“Ten years ago, Match Group was Google’s partner. We are now its hostage. Google lured app developers to its platform with assurances that we could offer users a choice over how to pay for the services they want. But once it monopolized the market for Android app distribution with Google Play by riding the coattails of the most popular app developers, Google sought to ban alternative in-app payment processing services so it could take a cut of nearly every in-app transaction on Android. This Complaint lays bare Google’s misdeeds that made it possible,” Match Group, the owner of popular dating apps like Tinder, Match.com, Hinge, OkCupid, and PlentyofFish, said in its lawsuit against Google filed in a federal court in California on May 9.
Match’s lawsuit comes ahead of Google’s June 1 deadline to remove apps not compliant with its new payments policy, which requires all apps to mandatorily use the company’s own billing system for sales of digital goods and services.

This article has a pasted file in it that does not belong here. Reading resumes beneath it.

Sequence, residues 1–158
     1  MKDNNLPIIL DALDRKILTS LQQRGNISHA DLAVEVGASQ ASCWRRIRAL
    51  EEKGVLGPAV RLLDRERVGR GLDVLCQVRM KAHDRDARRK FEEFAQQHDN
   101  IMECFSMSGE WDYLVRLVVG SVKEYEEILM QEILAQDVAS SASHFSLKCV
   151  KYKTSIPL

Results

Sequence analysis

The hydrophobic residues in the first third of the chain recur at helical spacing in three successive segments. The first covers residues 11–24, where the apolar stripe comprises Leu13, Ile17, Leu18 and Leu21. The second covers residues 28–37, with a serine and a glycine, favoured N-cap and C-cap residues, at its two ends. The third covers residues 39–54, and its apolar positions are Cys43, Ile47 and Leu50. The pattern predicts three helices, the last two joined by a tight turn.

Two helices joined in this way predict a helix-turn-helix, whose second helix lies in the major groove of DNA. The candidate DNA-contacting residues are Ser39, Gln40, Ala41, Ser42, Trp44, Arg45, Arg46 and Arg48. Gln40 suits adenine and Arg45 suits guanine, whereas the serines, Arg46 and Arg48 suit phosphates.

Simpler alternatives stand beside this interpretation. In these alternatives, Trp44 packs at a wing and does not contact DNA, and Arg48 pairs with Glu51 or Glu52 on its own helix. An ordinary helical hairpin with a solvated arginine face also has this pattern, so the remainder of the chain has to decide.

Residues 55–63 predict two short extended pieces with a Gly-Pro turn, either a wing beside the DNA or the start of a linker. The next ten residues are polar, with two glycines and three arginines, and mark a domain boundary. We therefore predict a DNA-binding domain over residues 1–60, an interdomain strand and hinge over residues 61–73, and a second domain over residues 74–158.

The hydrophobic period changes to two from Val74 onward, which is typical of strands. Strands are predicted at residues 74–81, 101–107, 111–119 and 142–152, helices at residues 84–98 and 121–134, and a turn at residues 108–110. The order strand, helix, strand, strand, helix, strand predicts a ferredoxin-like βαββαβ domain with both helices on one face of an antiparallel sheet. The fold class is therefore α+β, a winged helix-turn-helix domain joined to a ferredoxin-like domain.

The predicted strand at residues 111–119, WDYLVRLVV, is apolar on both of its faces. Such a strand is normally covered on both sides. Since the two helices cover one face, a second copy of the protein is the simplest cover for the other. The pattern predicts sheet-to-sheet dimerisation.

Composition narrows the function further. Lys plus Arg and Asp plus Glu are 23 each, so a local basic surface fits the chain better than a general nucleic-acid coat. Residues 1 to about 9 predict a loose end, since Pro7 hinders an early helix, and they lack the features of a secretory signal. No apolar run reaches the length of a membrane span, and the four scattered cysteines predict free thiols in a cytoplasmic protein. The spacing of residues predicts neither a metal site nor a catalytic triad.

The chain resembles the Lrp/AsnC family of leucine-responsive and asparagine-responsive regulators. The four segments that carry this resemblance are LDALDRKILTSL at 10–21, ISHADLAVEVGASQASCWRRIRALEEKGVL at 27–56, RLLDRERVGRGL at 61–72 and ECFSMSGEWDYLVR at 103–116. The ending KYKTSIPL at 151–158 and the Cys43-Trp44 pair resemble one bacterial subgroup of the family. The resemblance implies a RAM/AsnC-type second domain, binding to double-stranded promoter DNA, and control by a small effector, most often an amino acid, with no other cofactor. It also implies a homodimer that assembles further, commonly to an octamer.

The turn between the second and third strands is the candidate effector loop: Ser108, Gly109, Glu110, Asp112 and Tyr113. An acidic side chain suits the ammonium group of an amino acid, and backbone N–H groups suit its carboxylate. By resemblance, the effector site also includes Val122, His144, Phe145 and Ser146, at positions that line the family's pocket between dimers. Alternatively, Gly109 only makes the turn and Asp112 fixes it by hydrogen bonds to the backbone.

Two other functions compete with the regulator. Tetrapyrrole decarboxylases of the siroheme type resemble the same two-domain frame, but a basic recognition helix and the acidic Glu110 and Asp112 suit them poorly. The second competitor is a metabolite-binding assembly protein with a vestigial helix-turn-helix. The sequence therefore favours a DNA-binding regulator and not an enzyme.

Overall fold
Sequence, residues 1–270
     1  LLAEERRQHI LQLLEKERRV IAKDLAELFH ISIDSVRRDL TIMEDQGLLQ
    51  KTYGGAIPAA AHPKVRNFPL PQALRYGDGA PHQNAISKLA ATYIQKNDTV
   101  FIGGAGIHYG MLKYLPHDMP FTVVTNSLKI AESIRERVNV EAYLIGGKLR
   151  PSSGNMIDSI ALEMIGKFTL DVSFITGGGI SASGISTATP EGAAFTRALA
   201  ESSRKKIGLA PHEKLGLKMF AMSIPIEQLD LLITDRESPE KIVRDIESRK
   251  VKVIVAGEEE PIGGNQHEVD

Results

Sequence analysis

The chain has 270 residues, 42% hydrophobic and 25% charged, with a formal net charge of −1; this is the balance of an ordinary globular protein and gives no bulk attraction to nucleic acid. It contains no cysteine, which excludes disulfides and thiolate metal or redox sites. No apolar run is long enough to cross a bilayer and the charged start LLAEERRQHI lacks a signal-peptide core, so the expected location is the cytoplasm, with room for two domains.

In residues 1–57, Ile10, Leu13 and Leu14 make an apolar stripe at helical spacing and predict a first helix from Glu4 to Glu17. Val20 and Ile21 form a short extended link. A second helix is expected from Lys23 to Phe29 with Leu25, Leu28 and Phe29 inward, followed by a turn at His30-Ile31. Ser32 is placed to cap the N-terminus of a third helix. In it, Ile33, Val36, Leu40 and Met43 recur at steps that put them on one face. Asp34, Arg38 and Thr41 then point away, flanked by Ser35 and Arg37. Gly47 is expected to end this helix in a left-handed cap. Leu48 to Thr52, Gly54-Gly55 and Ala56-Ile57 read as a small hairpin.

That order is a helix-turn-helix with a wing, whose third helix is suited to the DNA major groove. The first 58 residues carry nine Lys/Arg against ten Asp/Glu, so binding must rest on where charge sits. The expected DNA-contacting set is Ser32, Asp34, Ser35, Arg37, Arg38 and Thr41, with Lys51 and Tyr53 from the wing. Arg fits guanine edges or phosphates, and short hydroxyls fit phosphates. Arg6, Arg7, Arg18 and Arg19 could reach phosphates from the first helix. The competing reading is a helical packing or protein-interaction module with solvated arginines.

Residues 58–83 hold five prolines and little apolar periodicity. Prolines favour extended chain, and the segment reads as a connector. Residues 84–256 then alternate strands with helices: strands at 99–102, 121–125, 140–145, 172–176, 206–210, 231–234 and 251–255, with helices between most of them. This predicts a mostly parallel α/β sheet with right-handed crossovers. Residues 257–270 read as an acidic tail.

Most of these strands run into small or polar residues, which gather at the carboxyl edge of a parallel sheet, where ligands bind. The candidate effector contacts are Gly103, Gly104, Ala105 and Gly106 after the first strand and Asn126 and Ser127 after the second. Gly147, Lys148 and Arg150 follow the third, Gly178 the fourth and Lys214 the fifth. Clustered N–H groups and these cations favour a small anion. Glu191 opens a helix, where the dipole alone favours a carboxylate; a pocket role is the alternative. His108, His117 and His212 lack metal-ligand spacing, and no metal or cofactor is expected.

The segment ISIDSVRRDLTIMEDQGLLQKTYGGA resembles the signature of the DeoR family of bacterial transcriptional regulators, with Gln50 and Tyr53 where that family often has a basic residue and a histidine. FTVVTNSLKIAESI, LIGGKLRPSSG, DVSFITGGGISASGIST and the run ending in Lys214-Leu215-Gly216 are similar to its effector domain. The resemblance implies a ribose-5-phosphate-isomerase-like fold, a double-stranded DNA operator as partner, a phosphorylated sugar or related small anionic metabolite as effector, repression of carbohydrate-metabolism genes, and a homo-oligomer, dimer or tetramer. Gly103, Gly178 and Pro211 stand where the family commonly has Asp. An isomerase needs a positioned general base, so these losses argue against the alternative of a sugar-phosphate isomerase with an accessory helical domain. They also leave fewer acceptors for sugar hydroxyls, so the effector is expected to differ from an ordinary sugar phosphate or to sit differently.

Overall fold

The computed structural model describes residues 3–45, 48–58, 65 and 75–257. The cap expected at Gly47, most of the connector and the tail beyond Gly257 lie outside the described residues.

“This lawsuit is a measure of last resort. We tried, in good faith, to resolve these concerns with Google, but their insistence and threats has left us no choice.” — Match Chief Executive Shar Dubey
In India, Google has given developers until October 31, 2022, to comply with the new payments policy, but the fate of this policy, and the Play Store itself, is dependent on the outcome of the Competition Commission of India’s antitrust investigation.
The lawsuit adds to the growing list of legal battles and regulatory scrutiny that Google Play Store (and Apple App Store) is facing from around the world. In the US, Play Store faces another lawsuit by Fortnite-maker Epic Games, which is backed by 35 US states.
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What has Match Group alleged in its lawsuit?